The following are excerpts from Jennifer Rudder's catalogue essay, "Crime and Punishment," for the exhibition of the same name at the Agnes Etherington Art Centre (20 March - 6 June, 1999), Queen's University, Kingston, Ontario, Canada.

Catalogue available through Art Books Canada


The paintings in this exhibition by Vancouver artist Angela Grossman were inspired by a collection of rap sheets with mug shots that the artist found through a dealer of pritned ephemera. Taken from the files of the B.C. Penitentiary in New Westminster at its closure, the source photographs are of petty criminals from the late 1930s and '40s, some guilty of no more than stealing a letter from the post office.

Amenable to Discipline (mixed media, 1998, 134.6 x 94 cm)

Grossman sees the men as victims of circumstances, society's losers, scapegoats even, and feels a tremendous empathy and generosity towards them.

Rap Sheet, British Columbia Penitentiary

Grossman's artistic process is multi-generational, involving at least two or three and up to ten levels of intervention. The original 2" x 2" mug shots of head and shoulders is painted, rephotographed, re-painted, etc., blown up to as large as 5' x 4' and transferred to canvas or found fabric for more work.

Fraud (mixed media, 1997, 172.7 x 96.5 cm)

In this process, Grossman strips the subject of his specific identity, the prison, and the crime as she works to disguise them and protect their family privacy. Then she takes the image of the convict's face, and gives him a body; completes him. She sometime renders the convicts as naked, adding to their vulnerability.

"Response to the work of Angela Grossman," by Valerie Raoul, Director for Research in Women's Studies and Gender Relations, Professor of French, University of British Columbia (April 5, 2000):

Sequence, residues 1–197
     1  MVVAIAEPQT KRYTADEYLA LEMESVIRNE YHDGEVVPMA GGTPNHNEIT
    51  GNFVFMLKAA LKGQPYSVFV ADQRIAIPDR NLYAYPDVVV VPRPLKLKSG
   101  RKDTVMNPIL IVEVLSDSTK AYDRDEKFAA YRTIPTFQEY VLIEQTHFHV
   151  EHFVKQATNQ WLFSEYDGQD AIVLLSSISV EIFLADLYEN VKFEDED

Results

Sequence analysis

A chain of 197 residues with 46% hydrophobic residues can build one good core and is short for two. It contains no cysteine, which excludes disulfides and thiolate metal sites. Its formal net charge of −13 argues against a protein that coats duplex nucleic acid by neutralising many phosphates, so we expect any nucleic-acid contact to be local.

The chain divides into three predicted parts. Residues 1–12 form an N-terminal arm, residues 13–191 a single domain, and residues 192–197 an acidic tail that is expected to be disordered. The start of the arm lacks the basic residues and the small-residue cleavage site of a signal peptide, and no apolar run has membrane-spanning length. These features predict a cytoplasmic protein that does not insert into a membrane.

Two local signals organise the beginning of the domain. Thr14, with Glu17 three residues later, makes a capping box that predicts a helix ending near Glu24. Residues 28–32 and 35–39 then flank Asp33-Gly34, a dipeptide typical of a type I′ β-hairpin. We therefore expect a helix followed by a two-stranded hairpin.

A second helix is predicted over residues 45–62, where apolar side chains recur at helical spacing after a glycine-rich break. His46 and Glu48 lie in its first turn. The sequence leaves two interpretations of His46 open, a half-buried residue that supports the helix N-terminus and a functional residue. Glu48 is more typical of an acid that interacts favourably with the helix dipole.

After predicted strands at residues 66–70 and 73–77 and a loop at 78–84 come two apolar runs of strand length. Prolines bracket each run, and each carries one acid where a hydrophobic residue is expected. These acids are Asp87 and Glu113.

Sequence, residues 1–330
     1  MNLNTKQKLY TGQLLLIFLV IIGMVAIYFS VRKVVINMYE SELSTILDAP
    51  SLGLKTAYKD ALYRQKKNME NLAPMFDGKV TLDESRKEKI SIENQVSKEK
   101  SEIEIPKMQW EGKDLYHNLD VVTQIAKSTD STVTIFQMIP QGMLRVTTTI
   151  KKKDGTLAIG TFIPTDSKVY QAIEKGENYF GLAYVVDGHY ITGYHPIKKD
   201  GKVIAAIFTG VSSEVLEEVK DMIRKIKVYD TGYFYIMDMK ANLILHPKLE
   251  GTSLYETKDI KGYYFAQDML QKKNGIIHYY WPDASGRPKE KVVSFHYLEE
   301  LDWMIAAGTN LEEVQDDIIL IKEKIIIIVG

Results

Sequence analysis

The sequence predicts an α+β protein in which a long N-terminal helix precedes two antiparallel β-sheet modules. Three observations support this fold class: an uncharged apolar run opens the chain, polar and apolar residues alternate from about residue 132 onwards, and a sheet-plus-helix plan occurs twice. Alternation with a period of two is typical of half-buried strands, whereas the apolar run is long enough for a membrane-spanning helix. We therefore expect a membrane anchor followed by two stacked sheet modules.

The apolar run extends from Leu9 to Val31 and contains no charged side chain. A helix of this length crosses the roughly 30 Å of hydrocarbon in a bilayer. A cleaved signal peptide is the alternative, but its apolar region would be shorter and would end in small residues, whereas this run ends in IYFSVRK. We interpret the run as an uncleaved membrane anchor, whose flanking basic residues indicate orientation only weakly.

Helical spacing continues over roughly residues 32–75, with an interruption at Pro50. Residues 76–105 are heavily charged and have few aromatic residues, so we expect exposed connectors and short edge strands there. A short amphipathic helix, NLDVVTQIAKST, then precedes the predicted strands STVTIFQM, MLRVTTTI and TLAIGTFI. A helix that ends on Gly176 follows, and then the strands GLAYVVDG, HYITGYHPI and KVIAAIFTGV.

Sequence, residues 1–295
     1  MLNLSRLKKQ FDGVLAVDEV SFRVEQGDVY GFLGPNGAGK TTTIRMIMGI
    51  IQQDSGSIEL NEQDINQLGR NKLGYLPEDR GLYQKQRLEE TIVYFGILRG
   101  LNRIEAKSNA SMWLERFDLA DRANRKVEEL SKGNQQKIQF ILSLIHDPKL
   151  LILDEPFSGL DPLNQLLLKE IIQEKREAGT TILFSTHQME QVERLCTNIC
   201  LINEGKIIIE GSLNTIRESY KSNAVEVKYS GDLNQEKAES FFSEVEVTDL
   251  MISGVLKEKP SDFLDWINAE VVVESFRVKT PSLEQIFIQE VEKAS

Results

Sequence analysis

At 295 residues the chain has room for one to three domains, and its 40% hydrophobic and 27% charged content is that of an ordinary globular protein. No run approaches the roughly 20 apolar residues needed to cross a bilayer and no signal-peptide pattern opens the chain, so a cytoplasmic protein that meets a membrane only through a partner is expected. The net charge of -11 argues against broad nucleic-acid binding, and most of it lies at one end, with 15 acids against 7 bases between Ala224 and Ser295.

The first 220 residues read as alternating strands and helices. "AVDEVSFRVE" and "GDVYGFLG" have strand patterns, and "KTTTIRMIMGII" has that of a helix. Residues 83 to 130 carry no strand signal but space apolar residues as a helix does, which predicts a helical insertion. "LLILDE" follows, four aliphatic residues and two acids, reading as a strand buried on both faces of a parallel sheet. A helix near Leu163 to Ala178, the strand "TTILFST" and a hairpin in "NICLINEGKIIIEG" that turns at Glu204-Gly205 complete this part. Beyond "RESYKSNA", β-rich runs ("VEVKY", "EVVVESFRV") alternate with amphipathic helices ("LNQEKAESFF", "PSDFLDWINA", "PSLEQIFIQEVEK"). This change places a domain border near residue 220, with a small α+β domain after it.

The term [Correction(s): 'Habeus Corupus'] seems particularly appropriate for this series, based on found photos of convicts held in the BC Penitentiary at New Westminster in the 1930s and 40s. The original photos are associated with incarceration, the loss of control of one's body; also with depersonalization, becoming a number, a case, an illustration of a physical criminal type. The identification document accompanying them (included in the catalogue) purports to be objective, scientific, impersonal. Yet it reveals the prejudices of the period regarding class and race, and unconscious, culturally determined moral judgements. The original photos are portraits of head and shoulders, full-face and in profile. The head is seen as a synecdoche for the whole body, its appearance as sufficient explanation of the individual's behavior. An identity is imposed from outside, with no relationship to the person inside that body. The face is observed and recorded, it doesn't appear to look back. These men are framed. They are also discarded, abject, refuse(d), like their photos.

Headbound (mixed media, 1998)

Angela Grossman reframes and rehabilitates their image, conveying a different message, one that critiques the penal system by re-establishing the detained men as individuals, albeit imaginary ones. Using her own fantasy, [she] paradoxically humanizes them by anonymizing them. They are depicted in her portraits as looking out from the frame, with feeling eyes. The addition of color brings them to life, and its collaged juxtaposition with the black-and-white of the original photos reveals what was lacking in those pictures: the men's individual incongruity in a restrictive social frame. In her transformations, they escape from prison by reclothing themselves, incorporating signs of rebellion and nonconformity -- colorful ties or headgear that turn them into clowns. Still isolated, they appear to be attempting to communicate the part of them which does not fit into the stereotype of the male criminal. Some relinquish their masculinity, as they reclaim the parts of their body below the neck and below the belt. The cartoon allusions in the first images become reference to Renaissance cartoons, evoking rebirth and the beginning of creative activity, as the body is freed from the fetters of convention, including clothes.